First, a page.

Old Edna's kicking up her heels again

At age 101, it's a wonder that Old Edna is still standing upright. But there she is, along California 227 south of San Luis Obispo, encouraging passing motorists to stop and say "hello."

She had some hard years -- especially during World War II -- and they took their toll. Edna turned dull gray. Clearly weather-beaten, she developed rusty-brown splotches that, untreated, grew ever larger.

Old Edna: A photograph that accompanied a Nov. 22 article about Old Edna, a village near San Luis Obispo that was once decrepit but is now attracting tourists, incorrectly identified the photographer as Jay Jones, who wrote the story. The photo was provided by Pattea Torrence, who bought Old Edna when it was a ghost town in 2000, and was taken by Joe Johnston. —

"I could not see my sweet girl mistreated," says Pattea Torrence, an area resident who had been a frequent visitor for decades. "[She] deserved some attention -- a bit of cosmetic surgery, you might say -- a much-needed bit of lipstick in order for her to stand tall again and greet the passersby."

Torrence's intervention began nine years ago. But instead of consulting plastic surgeons and cosmeticians, she turned to plumbers and carpenters for advice. Although Torrence refers to Old Edna as a human being, "she" is, in fact, a two-acre plot of land dotted with five buildings. They are all that remains of what once was a thriving little town. It's name? Edna, of course.

The "Old" was added in 2000 when Torrence, who'd played amid the ghostly remnants as a teenager, bought the town site for $530,000 and, with her father's help, began restoring the sagging structures. She realized that with eight wineries within about two miles, Edna was ideally situated to become a welcoming way station.

A derelict, single-story farmhouse was transformed into a charming bed-and-breakfast. A barn became an artist's studio. But the biggest project was breathing life into the ramshackle, two-story building that once had been the hub of village life.

Before Edna's demise in the 1940s, people would visit it to buy groceries at the general store, mail letters at the post office and socialize in the dance hall upstairs.

The resuscitation wasn't easy.

"It was nearly falling down, [and] it was leaky," Torrence says of the building with its broken, boarded-up windows and rusting, corrugated tin walls.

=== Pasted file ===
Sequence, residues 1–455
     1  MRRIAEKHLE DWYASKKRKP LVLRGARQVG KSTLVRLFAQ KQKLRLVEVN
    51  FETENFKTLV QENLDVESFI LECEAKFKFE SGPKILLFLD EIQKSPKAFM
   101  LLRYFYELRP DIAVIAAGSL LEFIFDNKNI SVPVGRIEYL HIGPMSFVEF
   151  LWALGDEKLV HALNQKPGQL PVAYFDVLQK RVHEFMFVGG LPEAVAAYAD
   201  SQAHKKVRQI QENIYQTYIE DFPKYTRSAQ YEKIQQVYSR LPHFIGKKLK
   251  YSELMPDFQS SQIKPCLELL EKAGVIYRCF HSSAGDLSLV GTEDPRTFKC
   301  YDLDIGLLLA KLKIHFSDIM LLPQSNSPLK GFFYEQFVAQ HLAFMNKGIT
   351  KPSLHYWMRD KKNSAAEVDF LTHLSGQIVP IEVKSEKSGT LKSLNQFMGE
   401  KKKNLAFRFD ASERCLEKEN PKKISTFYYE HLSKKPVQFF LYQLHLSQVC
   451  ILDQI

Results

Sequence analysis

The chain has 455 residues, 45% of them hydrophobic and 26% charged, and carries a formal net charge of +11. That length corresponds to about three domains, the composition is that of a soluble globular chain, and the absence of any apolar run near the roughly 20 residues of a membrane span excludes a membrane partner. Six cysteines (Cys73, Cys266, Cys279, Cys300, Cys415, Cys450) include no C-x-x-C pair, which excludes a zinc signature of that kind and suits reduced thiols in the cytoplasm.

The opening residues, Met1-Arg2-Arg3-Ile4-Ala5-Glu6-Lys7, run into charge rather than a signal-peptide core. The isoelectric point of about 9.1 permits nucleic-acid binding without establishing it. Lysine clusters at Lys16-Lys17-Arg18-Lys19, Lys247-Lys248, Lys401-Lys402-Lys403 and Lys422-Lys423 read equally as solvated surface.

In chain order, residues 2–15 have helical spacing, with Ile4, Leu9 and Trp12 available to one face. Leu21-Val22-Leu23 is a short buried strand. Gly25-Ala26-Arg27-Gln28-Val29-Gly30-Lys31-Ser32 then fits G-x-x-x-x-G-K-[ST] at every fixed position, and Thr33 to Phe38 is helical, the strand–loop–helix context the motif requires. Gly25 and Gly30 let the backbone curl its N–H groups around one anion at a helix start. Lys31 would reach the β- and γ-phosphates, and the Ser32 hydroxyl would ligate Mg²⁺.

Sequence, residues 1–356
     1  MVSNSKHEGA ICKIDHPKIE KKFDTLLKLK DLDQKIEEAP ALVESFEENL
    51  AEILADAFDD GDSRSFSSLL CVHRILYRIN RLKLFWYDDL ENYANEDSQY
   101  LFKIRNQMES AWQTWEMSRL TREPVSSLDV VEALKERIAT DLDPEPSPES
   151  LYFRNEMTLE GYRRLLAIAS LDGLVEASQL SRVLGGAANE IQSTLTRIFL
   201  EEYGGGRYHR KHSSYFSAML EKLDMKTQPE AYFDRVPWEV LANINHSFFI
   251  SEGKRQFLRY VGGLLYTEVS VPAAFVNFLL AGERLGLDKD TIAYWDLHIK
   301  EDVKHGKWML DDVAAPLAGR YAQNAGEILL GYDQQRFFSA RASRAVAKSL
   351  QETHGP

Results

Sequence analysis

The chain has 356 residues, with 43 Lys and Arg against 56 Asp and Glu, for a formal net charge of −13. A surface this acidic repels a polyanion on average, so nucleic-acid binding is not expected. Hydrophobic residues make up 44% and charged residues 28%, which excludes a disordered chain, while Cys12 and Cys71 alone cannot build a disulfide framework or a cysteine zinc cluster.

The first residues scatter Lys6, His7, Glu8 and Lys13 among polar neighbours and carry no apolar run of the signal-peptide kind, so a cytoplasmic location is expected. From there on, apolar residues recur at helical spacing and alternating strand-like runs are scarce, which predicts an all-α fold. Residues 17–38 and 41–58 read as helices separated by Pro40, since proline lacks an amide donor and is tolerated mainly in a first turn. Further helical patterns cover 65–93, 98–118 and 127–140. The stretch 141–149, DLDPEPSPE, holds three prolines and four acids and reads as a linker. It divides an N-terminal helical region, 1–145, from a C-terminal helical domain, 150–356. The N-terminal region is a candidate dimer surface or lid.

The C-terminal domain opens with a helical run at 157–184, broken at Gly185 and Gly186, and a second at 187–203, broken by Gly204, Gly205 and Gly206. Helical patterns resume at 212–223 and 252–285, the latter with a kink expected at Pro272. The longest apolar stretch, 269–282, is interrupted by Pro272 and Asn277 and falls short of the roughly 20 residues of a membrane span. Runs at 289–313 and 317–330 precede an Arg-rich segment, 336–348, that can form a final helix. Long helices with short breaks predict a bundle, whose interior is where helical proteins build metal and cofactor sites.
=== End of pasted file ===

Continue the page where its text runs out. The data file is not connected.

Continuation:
First to open in the building was an antiques shop; home décor items and wine-related gifts have since been added. Later came a deli, with seating indoors and on a deck, and a studio/gallery for painter Tracy Taylor. Along with locally produced wines, the deli serves overstuffed sandwiches named after people who once lived in Edna. The Zene has Black Forest ham topped with Jarlsberg cheese and sautéed apples, and the Rochella, named for Zene's sister, contains fresh mozzarella, tomato, basil and pesto.

Outside, an orange bicycle rests against a white picket fence. A few feet beyond is the former farmhouse, now the 1,200-square-foot B&B.

Wisteria vines with their purple flowers and rose bushes with their white blooms welcome overnight guests to the cottage. The three-bedroom, one-bath home is unusual in that it's not subdivided; the renter -- whether one person, a couple or a group -- has the run of the place. Some use it for a secluded weekend retreat, others simply for the solitude it offers.

"I've had writers hunker down in here," Torrence says. "They don't want to be disturbed."

Andrea Plavi of San Diego stayed in the cottage, along with members of her family, as they prepared for her wedding in 2007. "We loved it," she recalls. "We thought it was super charming."

An old outbuilding that's been turned into a cozy breakfast nook and a second farmhouse that's now the caretaker's cottage complete the property inventory. That is, unless you include the treehouse.

It is perched in the branches of a sturdy pepper tree that folks once were tied to in order to keep them from driving after they'd had too much to drink. The treehouse even has its own deck, with a hand-painted sign warning: "No girls allowed." Torrence's father, Walter, built it a few years ago for his grandson, Kienun. Since the completion of the treehouse, Walter has been sidelined by failing health and the death of his wife, Pattea's mother.

"I can always fix an old building, [but] not people," Pattea says wistfully. "I sank myself into this project instead of going to see a shrink. . . . [It] continues to be my savior."


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